In the center seat, however, nothing was slow. Both players had three creatures in play by turn two! Gulevich's Mono-Red had the upper hand thanks to Lightning Mauler speeding things up. He and Anderson traded haymaker attack steps, but Gulevich had the last laugh with a Searing Spear and enough mana left over to pay for the Spell Rupture that Anderson had been sitting on.

The good news continued for Team USA as Spanier drew out of his predicament. Still, Cheung taxed his resources and had him empty-handed. Spanier, sitting on eight mana, flipped Ætherling into play. Cheung's Bonfire of the Damned Left him at two. Spanier's deck wasn't about to give up. This time it gave him Jace, Architect of Thought, and when he activated the minus ability, there was the Sphinx's Revelation he needed, smiling back at him. Cheung failed to draw burn, and that was essentially that.

Joe Spanier's Revelation off the top bailed him out of an unlucky start.

Finally, some good news from the Australians, as Markovic turned to Anderson for a high-five. "I sacked it! Act off the top and exactly enough mana!" 13 redirected damage from Boros Reckoner had stolen the game that Cecchetti had started to take over. Australia was on the board.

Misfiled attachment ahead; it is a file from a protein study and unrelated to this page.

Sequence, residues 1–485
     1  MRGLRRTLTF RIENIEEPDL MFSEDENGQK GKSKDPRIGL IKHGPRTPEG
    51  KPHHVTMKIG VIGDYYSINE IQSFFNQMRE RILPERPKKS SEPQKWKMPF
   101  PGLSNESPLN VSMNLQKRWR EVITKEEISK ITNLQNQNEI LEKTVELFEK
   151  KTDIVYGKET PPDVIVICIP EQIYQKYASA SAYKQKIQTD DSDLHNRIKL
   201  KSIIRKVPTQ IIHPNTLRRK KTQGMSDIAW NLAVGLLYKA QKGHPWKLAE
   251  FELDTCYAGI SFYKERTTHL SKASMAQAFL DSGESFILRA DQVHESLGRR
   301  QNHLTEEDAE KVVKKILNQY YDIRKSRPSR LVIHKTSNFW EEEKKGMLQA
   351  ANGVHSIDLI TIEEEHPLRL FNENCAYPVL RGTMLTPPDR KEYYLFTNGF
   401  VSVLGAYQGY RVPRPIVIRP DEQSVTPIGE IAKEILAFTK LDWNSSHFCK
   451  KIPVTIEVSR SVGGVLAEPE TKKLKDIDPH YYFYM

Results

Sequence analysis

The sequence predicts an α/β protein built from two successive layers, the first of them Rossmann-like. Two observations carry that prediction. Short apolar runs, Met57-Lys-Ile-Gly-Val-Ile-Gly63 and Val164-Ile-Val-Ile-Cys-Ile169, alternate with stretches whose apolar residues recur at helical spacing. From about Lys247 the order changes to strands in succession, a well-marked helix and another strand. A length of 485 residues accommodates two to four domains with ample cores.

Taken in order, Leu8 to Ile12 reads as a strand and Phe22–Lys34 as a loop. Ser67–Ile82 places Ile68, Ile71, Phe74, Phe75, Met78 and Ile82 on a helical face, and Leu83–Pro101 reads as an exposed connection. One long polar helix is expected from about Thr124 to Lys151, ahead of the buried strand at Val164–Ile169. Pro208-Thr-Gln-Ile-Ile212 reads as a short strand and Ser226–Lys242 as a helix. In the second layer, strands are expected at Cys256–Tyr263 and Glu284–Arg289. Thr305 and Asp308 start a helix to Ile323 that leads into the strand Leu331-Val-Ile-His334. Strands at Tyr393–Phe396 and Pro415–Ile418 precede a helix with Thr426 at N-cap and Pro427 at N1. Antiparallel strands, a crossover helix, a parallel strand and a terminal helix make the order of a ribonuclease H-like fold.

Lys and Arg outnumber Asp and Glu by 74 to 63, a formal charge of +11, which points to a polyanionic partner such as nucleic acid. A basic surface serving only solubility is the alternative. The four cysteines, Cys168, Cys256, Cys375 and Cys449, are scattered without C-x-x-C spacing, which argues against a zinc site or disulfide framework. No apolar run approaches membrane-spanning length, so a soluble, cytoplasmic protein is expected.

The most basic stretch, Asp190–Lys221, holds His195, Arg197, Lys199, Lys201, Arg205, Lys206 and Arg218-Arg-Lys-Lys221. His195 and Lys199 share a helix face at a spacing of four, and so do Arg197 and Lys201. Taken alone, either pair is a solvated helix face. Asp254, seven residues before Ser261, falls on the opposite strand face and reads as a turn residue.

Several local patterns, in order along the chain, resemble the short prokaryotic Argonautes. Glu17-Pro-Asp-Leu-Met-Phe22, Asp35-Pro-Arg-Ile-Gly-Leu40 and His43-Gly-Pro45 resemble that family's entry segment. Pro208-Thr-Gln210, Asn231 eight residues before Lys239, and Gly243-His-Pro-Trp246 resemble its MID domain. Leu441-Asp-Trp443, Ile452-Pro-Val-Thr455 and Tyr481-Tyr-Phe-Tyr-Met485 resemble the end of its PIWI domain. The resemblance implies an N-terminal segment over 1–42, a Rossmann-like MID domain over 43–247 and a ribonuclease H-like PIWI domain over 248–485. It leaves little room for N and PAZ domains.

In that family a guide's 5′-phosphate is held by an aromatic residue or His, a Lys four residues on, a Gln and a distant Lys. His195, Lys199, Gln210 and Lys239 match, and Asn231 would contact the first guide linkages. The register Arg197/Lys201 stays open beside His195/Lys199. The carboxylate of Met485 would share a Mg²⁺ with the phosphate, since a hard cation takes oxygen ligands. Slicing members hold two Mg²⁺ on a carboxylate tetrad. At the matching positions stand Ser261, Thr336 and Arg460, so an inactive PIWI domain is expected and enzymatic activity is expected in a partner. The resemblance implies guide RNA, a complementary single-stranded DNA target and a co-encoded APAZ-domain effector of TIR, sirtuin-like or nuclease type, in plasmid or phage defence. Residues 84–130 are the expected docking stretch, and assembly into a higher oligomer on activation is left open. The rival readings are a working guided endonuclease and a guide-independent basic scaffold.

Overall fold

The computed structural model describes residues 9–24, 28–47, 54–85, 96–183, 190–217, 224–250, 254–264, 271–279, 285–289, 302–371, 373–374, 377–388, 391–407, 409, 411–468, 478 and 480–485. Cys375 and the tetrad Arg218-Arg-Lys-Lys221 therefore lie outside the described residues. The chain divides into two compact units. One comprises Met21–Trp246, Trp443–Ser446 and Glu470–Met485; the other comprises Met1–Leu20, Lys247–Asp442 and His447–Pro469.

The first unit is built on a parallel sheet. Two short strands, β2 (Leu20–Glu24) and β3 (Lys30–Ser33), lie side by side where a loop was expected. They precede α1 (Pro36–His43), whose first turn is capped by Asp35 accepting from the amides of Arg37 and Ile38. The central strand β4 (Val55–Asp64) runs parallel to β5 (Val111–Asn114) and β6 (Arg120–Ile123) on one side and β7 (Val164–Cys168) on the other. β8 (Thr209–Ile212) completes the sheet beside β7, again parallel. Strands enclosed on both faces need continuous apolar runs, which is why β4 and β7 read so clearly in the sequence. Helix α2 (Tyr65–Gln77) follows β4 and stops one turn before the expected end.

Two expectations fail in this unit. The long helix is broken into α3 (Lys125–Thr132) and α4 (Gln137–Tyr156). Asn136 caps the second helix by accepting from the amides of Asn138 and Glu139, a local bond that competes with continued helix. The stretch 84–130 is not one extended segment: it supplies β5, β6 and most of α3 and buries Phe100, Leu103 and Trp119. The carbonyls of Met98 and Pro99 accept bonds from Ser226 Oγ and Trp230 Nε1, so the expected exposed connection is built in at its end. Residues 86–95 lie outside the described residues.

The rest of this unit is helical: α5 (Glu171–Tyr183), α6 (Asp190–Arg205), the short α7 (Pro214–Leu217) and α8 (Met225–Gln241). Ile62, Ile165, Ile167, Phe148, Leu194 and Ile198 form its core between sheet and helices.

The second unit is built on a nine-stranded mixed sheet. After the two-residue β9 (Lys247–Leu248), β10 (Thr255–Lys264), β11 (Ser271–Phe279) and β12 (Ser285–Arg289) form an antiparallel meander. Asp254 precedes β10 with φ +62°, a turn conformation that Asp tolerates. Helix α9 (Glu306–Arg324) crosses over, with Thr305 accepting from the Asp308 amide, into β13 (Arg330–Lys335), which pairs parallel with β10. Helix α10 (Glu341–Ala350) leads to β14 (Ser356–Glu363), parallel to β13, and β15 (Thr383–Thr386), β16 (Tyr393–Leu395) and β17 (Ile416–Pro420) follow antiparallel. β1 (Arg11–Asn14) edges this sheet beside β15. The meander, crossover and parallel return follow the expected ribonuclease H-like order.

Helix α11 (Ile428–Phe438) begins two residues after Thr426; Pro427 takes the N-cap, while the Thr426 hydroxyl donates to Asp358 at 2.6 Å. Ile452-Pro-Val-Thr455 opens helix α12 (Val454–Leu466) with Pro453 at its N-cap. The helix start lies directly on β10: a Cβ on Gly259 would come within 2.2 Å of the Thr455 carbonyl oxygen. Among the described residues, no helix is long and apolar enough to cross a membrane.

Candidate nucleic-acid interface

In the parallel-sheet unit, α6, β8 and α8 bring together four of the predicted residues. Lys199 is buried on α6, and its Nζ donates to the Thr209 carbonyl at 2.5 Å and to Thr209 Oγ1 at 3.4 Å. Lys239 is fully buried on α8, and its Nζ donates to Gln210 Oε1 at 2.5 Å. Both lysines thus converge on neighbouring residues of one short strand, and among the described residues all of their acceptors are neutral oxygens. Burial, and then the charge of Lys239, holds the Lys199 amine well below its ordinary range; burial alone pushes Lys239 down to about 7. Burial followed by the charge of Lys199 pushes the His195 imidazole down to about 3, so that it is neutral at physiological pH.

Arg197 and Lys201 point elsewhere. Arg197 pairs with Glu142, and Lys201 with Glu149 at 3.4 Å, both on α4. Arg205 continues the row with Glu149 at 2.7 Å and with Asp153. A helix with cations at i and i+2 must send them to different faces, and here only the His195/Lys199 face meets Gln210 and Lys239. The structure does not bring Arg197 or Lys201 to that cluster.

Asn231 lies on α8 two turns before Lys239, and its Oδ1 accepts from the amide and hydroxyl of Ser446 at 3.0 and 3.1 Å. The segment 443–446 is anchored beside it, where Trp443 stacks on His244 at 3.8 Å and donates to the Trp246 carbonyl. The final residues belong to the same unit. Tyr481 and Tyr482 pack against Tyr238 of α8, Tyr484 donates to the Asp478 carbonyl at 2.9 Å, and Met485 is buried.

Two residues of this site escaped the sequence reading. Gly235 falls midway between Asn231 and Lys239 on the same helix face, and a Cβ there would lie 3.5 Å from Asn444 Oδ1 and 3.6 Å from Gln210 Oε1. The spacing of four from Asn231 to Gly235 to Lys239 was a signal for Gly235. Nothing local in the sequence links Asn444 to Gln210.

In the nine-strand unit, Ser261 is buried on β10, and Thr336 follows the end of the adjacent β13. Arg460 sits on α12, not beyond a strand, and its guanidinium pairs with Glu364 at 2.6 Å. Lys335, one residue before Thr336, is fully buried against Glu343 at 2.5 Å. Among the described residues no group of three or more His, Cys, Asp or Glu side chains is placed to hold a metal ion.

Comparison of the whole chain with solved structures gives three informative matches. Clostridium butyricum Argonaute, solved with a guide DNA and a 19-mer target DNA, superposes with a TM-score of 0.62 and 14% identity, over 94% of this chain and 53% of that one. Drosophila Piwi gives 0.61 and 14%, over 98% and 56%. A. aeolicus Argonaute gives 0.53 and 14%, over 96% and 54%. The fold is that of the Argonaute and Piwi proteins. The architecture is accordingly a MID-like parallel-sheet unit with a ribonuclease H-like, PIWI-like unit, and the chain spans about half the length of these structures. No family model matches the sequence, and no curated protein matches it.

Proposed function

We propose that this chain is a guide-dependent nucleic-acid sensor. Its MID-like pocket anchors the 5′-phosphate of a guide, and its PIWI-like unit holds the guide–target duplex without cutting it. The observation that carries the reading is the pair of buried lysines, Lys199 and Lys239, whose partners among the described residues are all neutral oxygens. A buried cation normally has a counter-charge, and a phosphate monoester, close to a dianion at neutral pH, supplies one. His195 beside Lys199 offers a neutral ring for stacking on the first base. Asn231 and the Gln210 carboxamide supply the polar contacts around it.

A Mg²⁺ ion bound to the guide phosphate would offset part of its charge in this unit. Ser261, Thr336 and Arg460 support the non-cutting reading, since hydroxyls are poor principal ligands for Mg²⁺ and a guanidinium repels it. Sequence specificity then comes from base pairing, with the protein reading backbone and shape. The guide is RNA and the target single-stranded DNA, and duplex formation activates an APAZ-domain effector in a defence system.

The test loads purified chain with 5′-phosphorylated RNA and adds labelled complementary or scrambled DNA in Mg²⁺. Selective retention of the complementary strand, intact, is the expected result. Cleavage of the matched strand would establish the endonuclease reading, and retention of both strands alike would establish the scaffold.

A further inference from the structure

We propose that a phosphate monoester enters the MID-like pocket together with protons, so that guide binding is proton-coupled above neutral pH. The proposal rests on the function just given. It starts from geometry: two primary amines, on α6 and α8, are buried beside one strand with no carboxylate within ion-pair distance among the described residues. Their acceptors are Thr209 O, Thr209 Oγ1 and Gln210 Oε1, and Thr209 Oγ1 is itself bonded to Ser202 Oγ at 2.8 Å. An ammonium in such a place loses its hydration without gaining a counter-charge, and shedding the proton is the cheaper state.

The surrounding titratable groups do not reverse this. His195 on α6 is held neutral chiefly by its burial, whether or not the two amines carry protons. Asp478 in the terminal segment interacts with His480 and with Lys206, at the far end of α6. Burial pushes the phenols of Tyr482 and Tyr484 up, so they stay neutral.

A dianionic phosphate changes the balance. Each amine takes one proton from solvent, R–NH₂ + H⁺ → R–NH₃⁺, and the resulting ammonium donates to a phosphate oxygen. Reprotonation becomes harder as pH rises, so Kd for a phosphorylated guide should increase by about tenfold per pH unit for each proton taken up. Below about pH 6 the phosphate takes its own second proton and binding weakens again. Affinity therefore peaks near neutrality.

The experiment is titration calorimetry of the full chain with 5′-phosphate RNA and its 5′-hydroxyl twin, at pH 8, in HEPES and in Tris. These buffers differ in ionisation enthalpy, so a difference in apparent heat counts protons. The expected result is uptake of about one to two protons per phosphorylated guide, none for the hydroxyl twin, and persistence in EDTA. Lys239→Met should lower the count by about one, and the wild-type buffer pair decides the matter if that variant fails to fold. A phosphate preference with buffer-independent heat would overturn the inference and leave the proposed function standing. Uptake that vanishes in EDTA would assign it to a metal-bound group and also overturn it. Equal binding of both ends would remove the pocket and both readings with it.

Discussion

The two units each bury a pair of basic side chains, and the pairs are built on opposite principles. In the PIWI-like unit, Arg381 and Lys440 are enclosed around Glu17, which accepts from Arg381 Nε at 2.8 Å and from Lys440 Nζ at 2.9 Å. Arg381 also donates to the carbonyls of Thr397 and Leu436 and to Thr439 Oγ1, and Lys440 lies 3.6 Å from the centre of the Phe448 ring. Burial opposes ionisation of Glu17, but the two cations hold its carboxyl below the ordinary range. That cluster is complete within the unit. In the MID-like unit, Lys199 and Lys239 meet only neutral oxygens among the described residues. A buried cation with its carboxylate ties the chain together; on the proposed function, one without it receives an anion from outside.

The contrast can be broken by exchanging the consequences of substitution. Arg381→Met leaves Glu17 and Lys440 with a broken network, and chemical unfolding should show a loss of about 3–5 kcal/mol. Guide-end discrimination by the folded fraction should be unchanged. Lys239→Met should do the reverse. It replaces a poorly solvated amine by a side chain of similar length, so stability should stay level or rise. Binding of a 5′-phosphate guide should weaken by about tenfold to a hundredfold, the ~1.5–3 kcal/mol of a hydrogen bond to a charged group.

Cheung got his revenge on Spanier in the second game. He opened with Scavenging Ooze and Huntmaster of the Fells on the play, and Spanier had no Supreme Verdict, only Planar Cleansing. By the time he got around to casting it, Ruric Thar, the Unbowed had joined the party, and Spanier was left at 1 life. "You can show me if I'm dead," he said with a shrug. Cheung flashed the Rakdos's Return in hand.

Anderson took full advantage of being on the play, spilling out Young Wolf, Cloudfin Raptor, and Geist of Saint Traft. Gulevich tried sticking his 2/2 creatures in front of it, but Anderson had Selesnya Charm for the save. Druid's Deliverance the following attack got him an angel token permanently, and when that got enchanted with Unflinching Courage, Gulevich was ready for Game 3.

Cheung was struggling in his Game 3, stuck on three land. He found a fourth not too long after, and Slaughter Games'd away Spanier's Ætherlings. Unfortunately Spanier had Restoration Angels and Clone still in his deck, along with Moorland Haunt. Worse, his hand was full of countermagic. Cheung settled in for a long grind.

Cecchetti was up against the wall in Game 2. He had weathered an early assault from Anderson, barely, but was left with just a beast token at ten life, and facing a 5/2 Falkenrath Aristocrat. He drew a timely Thragtusk, but Anderson was not about to be outdone in the topdeck department. He drew Boros Reckoner and then Blasphemous Act to give Australia the first point of the match.